Third, even as hackers are sharpening their skills, many companies remain largely ignorant of the emerging threats. Although criminals typically know exactly what information they're after, companies are often unsure even of what systems they have to protect.
Fourth, companies have a hard time deterring an attack even when they do have a game plan for fighting fraud.
In part, that reflects a limitation in the approach that security companies have taken in the past in battling cyber-criminals, which is to identify known viruses, malware and other suspicious online activity. But criminal elements also have become more adept at hiding their tracks, disguising and customizing attacks in ways that make them difficult to anticipate, let alone stop once they are unleashed.
One thing is apparent from some of the recent incidents: no one is safe. The
range of wrongdoing spans from run-of-the-mill data theft targeting isolated
individuals to massive break-ins of the kind that hit Target.
Just last week, for instance, PayPal President David Marcus said on Twitter that someone had stolen his credit card information -- perhaps from a hotel or business he had visited during a recent trip to the U.K. -- and gone on a shopping spree (an incident he used to tout PayPal's services):
According to the Privacy Rights Clearinghouse, a nonprofit advocacy
group, since 2005 some 663 million records have been violated in a total
of more than 4,100 separate incidents. Other companies that suffered major database breaches last year include software maker Adobe, which in October saw 2.9 million customer accounts compromised, and social media company LivingSocial, where 50 million records were violated.
A more sinister invasion took place in 2010, when hackers exploited a simple design flaw in a type of video camera consumers use to monitor their homes remotely to post live feeds on the Web -- into people's homes.
"The feeds displayed babies asleep in their cribs, young children playing and adults going about their daily lives," the Federal Trade Commission said in cracking down on the camera vendor, called TRENDnet, in September.
Widening "attack surface"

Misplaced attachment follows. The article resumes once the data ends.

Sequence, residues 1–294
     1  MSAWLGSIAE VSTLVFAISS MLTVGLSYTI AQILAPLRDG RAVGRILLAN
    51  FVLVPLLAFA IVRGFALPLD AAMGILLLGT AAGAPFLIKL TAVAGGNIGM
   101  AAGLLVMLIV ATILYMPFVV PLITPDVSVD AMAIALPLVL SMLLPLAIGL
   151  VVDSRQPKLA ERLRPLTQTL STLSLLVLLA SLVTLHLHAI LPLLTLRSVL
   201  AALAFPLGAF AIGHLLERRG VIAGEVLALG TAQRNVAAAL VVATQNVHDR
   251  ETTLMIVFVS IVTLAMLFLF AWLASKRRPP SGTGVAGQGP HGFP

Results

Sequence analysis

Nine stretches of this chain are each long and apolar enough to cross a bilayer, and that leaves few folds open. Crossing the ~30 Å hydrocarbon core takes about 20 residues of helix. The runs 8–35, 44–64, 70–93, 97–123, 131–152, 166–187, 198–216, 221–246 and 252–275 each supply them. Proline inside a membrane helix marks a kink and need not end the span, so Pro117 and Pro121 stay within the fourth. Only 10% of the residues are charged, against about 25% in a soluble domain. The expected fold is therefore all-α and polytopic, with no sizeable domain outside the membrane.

The spate of attacks in recent years reveal something else: Most companies aren't ready for them. A 2013 survey of 500 corporate executives, security experts, government staff and others by management consulting firm PwC (conducted with CSO Magazine, Carnegie Mellon University and the U.S. Secret Service) found that many business leaders lack even basic knowledge about who oversees information security for their companies.
Asked if they had methods in place to evaluate the efficacy of their security programs, a whopping 60 percent said "no" or weren't sure.
It is the nature of business that companies struggle to keep up with changes in technology, along with the inevitable security issues that are the byproduct of innovation. And computer fraud is nothing new. In 1970, just to cite one early scam, a teller at the Manhattan branch of the Union Dime Savings Bank over three years managed to steal $1.5 million from hundreds of customer accounts by fooling the company's computer system.
What's different today is the unprecedented level of interconnection between consumers, businesses, suppliers and contractors. For companies, those myriad touchpoints -- from social media accounts, to HR databases, third-party payment-processing and customer-management systems -- represent an expanding "attack surface" for fraudsters,
said Dave Burg, global and U.S. cybersecurity leader for PwC.
Clearly, the days when businesses could focus only on securing their own fortress are long gone. Today, even the humblest startup is likely to exchange sensitive information with a range of customers, business partners, suppliers and government agencies. For global corporations, the challenge is staggering given the many opportunities for such entities to mishandle confidential data or to fail to protect their own systems.
"The reality today is that many companies rely on
third parties to deliver services," Burg said. "They might rely on contractors to deliver